- Dopamine induces natriuresis (sodium loss) in the kidneys, and has a diuretic effect, potentially increasing urine output from 5 ml/kg/hr to 10 ml/kg/hr. Dosages from 2 to 5 μg/kg/min are considered the "renal dose". At this low dosage, dopamine binds D1 receptors, dilating blood vessels, increasing blood flow to renal, mesenteric, and coronary arteries, thus increasing overall renal perfusion.
- Intermediate dosages from 5 to 10 μg/kg/min, known as the "cardiac dose", additionally have a positive inotropic and chronotropic effect through increased β1 receptor activation. Dopamine is used in patients with shock or heart failure to increase cardiac output and blood pressure. Dopamine begins to affect the heart at lower doses, from about 3 μg/kg/min IV.
- High doses from 10 to 20 μg/kg/min are the "pressor dose". This dose causes vasoconstriction, increases systemic vascular resistance, and increases blood pressure through α1 receptor activation, but can cause the vessels in the kidneys to constrict to the point that urine output is reduced.
Dopamine acts upon receptors present on immune cells, with all subtypes of dopamine receptors found on leukocytes. There is low expression of receptors on T lymphocytes and monocytes, moderate expression on neutrophils and eosinophils, and high expression on B cells and natural killer cells. The sympathetic innervation of lymphoid tissues is dopaminergic, and increases during stress. Dopamine can also affect immune cells in the spleen, bone marrow, and blood circulation. In addition, dopamine can be synthesized and released by the immune cells themselves.
The effects of dopamine on immune cells depend upon their physiological state. While dopamine activates resting T cells, it inhibits them when they are activated. Disorders such as schizophrenia and Parkinson's disease, in which there are changes in brain dopamine receptors and dopamine signaling pathways, are also associated with altered immune functioning.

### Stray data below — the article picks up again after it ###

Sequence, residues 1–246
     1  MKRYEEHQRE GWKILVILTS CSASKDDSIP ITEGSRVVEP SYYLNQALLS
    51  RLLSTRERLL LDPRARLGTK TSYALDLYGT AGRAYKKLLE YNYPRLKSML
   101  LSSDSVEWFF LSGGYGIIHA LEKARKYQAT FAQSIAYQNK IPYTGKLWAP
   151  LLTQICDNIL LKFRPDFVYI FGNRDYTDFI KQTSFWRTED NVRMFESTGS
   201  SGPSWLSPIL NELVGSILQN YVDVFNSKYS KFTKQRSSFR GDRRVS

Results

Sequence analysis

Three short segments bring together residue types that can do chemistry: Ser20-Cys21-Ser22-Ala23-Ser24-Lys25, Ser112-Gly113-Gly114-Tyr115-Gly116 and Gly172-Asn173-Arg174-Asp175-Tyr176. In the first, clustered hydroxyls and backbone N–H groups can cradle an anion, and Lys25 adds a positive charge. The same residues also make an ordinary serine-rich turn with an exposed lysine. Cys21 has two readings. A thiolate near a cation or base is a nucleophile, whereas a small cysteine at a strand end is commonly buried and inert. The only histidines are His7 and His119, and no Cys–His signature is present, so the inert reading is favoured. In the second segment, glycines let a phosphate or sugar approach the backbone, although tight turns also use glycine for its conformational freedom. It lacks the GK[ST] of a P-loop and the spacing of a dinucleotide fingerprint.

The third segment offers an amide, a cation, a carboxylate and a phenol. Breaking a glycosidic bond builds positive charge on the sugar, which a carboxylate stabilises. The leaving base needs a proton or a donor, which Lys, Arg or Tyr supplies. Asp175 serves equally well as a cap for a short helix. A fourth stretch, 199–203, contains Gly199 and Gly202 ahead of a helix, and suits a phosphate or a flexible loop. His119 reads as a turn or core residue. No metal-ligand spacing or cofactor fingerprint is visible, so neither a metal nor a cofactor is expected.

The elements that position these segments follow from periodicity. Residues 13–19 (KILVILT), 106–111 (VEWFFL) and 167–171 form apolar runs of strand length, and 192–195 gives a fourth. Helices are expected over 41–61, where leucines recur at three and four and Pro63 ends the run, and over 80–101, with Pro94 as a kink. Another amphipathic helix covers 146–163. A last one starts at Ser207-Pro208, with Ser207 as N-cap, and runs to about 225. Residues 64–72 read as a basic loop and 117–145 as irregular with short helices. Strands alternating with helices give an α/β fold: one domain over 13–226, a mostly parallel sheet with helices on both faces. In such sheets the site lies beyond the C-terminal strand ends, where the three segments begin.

Polyphenol oxidases (PPOs) are a family of enzymes responsible for the browning of fresh fruits and vegetables when they are cut or bruised. These enzymes use molecular oxygen (O2) to oxidise various 1,2-diphenols to their corresponding quinones. The natural substrate for PPOs in bananas is dopamine. The product of their oxidation, dopamine quinone, spontaneously oxidises to other quinones. The quinones then polymerise and condense with amino acids and proteins to form brown pigments known as melanins. The quinones and melanins derived from dopamine may help protect damaged fruit and vegetables against growth of bacteria and fungi.
- ^ http://www.encyclopedia.com/doc/1O87-ventraltegmentalarea.html Reference for VTA.
- ^ Fahn, Stanley, "The History of Levodopa as it Pertains to Parkinson's disease," Movement Disorder Society’s 10th International Congress of Parkinson's Disease and Movement Disorders on November 1, 2006, in Kyoto, Japan.
- ^ Benes, F.M. (2001). "Carlsson and the discovery of dopamine". Trends in Pharmacological Sciences 22 (1): 46–47. doi:10.1016/S0165-6147(00)01607-2. PMID 11165672.
- ^ J. S. Bayeler, Ann. Chem., 513, 196 (1934).
- ^ G. Hahn, K. Stiehl, Chem. Ber., 69, 2640 (1936).
- ^ Morón, JA; Brockington, A; Wise, RA; Rocha, BA; Hope, BT (2002). "Dopamine uptake through the norepinephrine transporter in brain regions with low levels of the dopamine transporter: evidence from knock-out mouse lines.". Journal of Neuroscience 22 (2): 389–95. PMID 11784783. http://www.jneurosci.org/cgi/content/abstract/22/2/389.
- ^ Yavich, L; Forsberg, MM; Karayiorgou, M; Gogos, JA; Männistö, PT (2007). "Site-specific role of catechol-O-methyltransferase in dopamine overflow within prefrontal cortex and dorsal striatum.". Journal of Neuroscience 27 (38): 10196–209. doi:10.1523/JNEUROSCI.0665-07.2007. PMID 17881525. http://www.jneurosci.org/cgi/content/abstract/27/38/10196.
- ^ Peter Redgrave, Kevin Gurney (2006). "The short-latency dopamine signal: a role in discovering novel actions?". Nature Reviews Neuroscience 7 (12): 967–975. doi:10.1038/nrn2022. PMID 17115078.
- ^ Barron AB, Maleszka R, Vander Meer RK, Robinson GE (2007). "Octopamine modulates honey bee dance behavior". Proc. Natl. Acad. Sci. U.S.A. 104 (5): 1703–7. doi:10.1073/pnas.0610506104. PMC 1779631. PMID 17237217. http://www.pubmedcentral.nih.gov/articlerender.fcgi?tool=pmcentrez&artid=1779631.